Today is Bruce Springsteen’s 64th birthday. You don’t have to know me that well to know that I am a huge fan. I’ve seen him in concert 45 times or so over 30 years and I can’t wait to see him again.
Some of the best moments of my life have been spent in the pit at Springsteen shows surrounded by people who enjoy him as much as I do. They are moments of unbridled and uncynical joy for me and I feel sorry for anyone who doesn’t have some artist whose music provides them with the same release valve as his does for me.
It’s so easy to imagine that our musical heroes live gilded lives with no rough edges, but one only has to listen to Springsteen’s lyrics to hear his doubt and his struggles and his joys. But even as a lifelong devotee, I was still surprised when he opened up as much as he did last year in a piece for the New Yorker by editor David Remnick about even being suicidal at times.
But what really struck me was how easily he was able to look at his own mythology, especially when it comes to playing live, and with a clear eye and appropriate amount of ego, describe what happens when we all come together in trusting communion at one of his shows.
Springsteen talked about the wounds that scabbed over but never healed from growing up with a distant father and how, even though he made amends with his father before he died, that fuels his no-holes-barred performances. “‘My parents’ struggles, it’s the subject of my life...It’s the thing that eats at me and always will. My life took a very different course, but my life is an anomaly. Those wounds stay with you, and you turn them into a language and a purpose’,” he told Remnick. “Gesturing toward the band onstage, he said, ‘We’re repairmen—repairmen with a toolbox. If I repair a little of myself, I’ll repair a little of you. That’s the job’.”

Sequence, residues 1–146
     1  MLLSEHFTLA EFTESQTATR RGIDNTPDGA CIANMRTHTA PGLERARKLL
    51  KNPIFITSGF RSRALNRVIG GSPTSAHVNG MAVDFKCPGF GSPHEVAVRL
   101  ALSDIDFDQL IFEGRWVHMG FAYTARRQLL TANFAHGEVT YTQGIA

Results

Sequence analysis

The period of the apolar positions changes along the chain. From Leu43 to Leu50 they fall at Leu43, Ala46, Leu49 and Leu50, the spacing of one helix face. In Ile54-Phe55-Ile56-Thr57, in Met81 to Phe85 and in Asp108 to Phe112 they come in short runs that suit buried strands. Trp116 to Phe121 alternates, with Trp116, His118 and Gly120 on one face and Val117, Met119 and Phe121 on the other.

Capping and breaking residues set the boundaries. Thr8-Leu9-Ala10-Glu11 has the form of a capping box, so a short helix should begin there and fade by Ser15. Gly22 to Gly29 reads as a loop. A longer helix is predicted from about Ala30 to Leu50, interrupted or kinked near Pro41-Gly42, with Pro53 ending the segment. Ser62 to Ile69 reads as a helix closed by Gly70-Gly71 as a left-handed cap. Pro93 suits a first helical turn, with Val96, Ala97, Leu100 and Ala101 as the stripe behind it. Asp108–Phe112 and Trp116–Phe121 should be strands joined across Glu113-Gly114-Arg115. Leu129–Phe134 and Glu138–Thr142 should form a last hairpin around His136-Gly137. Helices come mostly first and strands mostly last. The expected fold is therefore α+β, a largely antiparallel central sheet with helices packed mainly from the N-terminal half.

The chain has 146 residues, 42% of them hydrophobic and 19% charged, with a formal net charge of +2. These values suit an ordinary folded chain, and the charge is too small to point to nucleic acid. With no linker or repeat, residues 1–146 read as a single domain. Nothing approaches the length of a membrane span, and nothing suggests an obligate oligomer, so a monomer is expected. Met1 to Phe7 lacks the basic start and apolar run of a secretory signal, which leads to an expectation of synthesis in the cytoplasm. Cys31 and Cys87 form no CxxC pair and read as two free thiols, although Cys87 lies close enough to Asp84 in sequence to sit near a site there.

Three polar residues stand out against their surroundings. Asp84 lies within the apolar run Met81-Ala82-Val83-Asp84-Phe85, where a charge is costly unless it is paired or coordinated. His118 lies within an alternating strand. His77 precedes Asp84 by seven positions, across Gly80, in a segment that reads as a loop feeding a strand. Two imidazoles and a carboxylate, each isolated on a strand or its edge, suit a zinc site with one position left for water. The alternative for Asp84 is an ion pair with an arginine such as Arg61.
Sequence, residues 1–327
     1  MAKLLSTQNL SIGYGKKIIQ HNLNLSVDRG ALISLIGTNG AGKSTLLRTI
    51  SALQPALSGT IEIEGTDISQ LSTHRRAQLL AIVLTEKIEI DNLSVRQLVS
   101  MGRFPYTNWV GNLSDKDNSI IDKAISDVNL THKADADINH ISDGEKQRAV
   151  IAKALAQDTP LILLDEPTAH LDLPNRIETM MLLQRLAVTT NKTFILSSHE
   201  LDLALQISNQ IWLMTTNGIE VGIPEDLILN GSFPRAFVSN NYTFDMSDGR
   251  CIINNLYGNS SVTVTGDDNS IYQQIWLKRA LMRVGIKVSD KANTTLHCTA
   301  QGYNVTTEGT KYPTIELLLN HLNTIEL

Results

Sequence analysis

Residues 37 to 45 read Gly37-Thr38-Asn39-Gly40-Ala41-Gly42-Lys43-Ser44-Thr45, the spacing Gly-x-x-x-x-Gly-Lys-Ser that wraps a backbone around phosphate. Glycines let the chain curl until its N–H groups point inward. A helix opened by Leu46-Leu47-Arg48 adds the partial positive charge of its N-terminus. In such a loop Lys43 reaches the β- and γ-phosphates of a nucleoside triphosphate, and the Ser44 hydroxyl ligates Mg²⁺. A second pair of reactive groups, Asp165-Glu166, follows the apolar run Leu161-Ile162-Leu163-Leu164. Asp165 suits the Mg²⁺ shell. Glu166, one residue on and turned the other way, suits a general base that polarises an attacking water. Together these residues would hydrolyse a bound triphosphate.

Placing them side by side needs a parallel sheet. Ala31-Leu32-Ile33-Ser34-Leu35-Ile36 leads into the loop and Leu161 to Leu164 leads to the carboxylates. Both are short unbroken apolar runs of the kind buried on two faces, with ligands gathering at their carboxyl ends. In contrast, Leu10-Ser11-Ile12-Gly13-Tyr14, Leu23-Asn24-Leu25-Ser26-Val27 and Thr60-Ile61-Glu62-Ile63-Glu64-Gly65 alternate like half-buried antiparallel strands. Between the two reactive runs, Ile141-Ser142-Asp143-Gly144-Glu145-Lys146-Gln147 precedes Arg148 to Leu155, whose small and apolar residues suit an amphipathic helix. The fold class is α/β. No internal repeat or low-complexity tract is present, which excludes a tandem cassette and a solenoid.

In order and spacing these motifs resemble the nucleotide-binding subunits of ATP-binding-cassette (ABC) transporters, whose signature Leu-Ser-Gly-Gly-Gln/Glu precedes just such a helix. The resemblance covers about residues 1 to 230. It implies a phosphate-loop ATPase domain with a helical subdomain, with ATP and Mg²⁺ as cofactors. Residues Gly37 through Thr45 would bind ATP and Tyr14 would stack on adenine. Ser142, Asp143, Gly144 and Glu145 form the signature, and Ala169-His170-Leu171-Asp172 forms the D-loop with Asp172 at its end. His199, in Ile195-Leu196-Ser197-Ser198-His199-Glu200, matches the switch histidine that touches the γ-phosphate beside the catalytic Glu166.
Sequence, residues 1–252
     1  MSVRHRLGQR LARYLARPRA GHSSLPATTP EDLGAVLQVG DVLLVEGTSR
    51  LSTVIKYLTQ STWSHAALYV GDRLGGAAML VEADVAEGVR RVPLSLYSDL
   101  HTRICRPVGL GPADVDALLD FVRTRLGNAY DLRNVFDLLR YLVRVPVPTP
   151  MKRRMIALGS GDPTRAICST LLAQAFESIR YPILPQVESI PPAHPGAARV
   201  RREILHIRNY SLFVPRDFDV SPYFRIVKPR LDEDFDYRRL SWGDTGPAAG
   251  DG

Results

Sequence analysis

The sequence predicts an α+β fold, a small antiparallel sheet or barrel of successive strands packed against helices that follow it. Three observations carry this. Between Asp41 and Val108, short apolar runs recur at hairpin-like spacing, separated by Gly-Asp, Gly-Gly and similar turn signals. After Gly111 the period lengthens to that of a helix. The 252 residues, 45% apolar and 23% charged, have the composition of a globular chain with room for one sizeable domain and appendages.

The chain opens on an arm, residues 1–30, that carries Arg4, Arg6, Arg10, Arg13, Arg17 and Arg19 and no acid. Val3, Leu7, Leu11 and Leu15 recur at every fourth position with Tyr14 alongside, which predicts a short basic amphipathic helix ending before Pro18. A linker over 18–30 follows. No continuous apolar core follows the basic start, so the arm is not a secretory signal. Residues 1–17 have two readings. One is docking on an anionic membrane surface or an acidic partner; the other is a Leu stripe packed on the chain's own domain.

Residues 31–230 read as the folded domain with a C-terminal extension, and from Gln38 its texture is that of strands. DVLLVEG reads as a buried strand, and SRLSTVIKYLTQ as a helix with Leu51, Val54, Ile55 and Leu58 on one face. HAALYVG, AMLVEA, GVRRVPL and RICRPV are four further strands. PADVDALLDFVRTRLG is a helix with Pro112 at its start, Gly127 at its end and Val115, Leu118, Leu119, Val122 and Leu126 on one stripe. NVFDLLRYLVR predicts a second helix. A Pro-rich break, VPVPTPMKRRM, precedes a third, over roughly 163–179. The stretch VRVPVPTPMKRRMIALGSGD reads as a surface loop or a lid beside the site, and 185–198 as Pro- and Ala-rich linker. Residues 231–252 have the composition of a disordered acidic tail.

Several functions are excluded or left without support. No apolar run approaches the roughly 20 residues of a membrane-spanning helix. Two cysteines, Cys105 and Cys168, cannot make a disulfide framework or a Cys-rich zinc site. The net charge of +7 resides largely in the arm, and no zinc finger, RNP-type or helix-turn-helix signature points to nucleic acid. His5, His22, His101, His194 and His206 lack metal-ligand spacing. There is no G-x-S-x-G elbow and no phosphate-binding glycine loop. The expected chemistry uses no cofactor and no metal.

If you’re a Bruce fan, you may be tearing up a little about now because that’s it. I’ve never left a Springsteen show without feeling like a little part of me that was broken had now been healed. And it wasn’t because Springsteen had some magical power; it was because he was broken too and together we’d be able to stop the pain, even if it was only for a little while.
When Clarence Clemons died two years ago, I wrote the most personal essay I’ve ever written about what it meant to be a Springsteen fan and how after my mother’s death, Springsteen’s shows were where I went to find comfort. I never questioned if going to as many concerts as I could was an appropriate reaction, I just felt gratitude that I found sanctuary in them.
Springsteen just wrapped up a tour the weekend, playing Rock in Rio. He performed until 3 a.m. I know there will be a day when there will be no more Springsteen shows, but I hope that day is far from now for both him and me.
As any Springsteen fan knows, for decades now, he’s allowed local food banks to come into each show and collect canned goods, as well as donations. And he plugs them from the stage. Today’s $10 goes to The Food Bank of Monmouth and Ocean Counties in his native New Jersey.
I've also included links to four Springsteen songs that I love:
"Happy" from "Tracks" because it's the perfect love song for adults who have been lived a little, but still believe.
"Trapped" because not only is it my favorite cover that Bruce does, it's my favorite cover of all time.
Sept. 23: The Food Bank of Monmouth and Ocean Counties
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